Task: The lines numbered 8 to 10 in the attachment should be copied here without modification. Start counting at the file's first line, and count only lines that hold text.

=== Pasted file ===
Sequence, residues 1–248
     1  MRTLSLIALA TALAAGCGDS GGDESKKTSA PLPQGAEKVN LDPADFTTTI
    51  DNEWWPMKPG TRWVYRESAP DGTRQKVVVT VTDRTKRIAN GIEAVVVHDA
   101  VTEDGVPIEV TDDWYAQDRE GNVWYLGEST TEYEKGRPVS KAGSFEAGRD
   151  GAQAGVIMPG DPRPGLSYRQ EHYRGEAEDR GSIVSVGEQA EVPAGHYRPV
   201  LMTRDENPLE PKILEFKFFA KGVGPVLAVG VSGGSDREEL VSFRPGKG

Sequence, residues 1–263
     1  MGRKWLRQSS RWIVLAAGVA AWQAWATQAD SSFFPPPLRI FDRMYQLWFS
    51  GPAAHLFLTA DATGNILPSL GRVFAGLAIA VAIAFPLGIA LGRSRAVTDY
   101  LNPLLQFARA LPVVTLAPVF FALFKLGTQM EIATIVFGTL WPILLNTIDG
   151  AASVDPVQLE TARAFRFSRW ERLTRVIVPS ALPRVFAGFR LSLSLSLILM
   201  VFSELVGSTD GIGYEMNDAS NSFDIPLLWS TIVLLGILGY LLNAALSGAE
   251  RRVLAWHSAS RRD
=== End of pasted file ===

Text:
     1  MGRKWLRQSS RWIVLAAGVA AWQAWATQAD SSFFPPPLRI FDRMYQLWFS
    51  GPAAHLFLTA DATGNILPSL GRVFAGLAIA VAIAFPLGIA LGRSRAVTDY
   101  LNPLLQFARA LPVVTLAPVF FALFKLGTQM EIATIVFGTL WPILLNTIDG